Roubicek appeared in two separate episodes of the spy fiction television series The Avengers, playing different characters both times. In "The White Dwarf," an episode that first aired February 9, 1963, he played Luke Richter, the son of a prominent astronomer who was murdered shortly after discovering that a star was going to collide with and destroy the Earth. Roubicek appeared in "Invasion of the Earthmen," which was first broadcast on January 15, 1969. In that episode he played Bernard Grant, a secret agent who is killed by a giant Boa constrictor while investigating a mysterious school called the Alpha Academy. Roubicek made guest appearances in several other television shows in 1968, including The Troubleshooters, The Champions, Detective, and The Wednesday Play.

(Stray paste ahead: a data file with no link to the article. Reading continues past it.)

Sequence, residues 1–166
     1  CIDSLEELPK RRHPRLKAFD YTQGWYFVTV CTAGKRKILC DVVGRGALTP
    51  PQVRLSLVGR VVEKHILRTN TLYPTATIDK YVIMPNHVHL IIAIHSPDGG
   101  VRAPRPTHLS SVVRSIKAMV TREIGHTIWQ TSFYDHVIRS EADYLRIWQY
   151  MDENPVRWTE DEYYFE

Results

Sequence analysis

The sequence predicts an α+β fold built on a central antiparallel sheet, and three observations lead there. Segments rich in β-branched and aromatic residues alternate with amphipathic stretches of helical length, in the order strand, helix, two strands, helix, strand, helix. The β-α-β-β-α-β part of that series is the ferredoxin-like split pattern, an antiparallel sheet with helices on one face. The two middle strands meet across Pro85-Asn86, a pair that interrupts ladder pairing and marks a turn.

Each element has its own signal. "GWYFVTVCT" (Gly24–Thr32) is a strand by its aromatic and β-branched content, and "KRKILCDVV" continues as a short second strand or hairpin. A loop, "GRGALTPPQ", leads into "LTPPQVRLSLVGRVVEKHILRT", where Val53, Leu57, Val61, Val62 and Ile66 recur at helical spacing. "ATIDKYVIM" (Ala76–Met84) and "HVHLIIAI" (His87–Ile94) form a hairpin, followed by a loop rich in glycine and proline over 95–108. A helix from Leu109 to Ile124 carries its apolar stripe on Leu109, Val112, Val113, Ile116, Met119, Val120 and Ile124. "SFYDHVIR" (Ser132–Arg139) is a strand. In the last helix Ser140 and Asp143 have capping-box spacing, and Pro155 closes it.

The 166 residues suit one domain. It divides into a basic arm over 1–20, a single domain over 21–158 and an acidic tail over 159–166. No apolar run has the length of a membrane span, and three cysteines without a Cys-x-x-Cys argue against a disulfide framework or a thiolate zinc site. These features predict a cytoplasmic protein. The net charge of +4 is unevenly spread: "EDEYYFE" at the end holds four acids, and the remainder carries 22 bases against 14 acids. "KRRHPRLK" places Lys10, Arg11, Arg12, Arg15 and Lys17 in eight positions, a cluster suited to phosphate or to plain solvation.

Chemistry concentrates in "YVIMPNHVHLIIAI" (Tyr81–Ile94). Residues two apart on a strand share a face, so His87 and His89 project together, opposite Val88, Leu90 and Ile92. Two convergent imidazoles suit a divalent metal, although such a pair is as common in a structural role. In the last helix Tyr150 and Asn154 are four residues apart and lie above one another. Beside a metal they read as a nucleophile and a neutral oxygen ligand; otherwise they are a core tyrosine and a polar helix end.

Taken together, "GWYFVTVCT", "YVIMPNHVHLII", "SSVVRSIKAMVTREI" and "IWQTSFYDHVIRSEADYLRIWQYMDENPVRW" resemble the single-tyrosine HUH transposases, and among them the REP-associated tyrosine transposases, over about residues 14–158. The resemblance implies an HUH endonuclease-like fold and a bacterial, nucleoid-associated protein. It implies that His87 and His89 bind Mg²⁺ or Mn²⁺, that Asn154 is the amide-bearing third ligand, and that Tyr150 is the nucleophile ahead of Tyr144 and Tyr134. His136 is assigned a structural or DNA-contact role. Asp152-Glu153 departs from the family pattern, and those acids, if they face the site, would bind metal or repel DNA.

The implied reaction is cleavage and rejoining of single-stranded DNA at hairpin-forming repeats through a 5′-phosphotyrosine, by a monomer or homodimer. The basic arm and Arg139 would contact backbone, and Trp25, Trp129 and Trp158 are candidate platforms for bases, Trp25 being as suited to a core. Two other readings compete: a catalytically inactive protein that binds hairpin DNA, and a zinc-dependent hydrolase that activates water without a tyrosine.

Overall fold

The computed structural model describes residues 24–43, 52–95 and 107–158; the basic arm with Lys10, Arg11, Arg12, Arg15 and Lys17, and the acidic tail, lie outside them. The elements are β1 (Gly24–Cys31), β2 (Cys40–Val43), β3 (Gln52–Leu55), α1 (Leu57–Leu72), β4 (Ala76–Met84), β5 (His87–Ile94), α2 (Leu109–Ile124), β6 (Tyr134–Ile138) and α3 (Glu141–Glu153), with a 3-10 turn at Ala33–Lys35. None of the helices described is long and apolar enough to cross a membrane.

In 1969, Roubicek appeared in the war film Submarine X-1, where he played the flag officer to a vice admiral played by Rupert Davies, and Battle of Britain, where he played a sergeant pilot. The next year, Roubicek played the supporting role of Karkov in Foreign Exchange, a television film based on a spy mystery novel of the same name by Jimmy Sangster. In 1971, he appeared as a German radio operator in Dad's Army, a film remake of the BBC sitcom of the same name. Roubicek continued performing in supporting roles in various television shows during the late 1970s, including Shades of Greene and Monkey, a cult Japanese action/fantasy television series that ran from 1978 to 1980. He performed a few of the voice acting parts in the English-language dubbing of Monkey, and had a minor role in the technical dubbing aspects.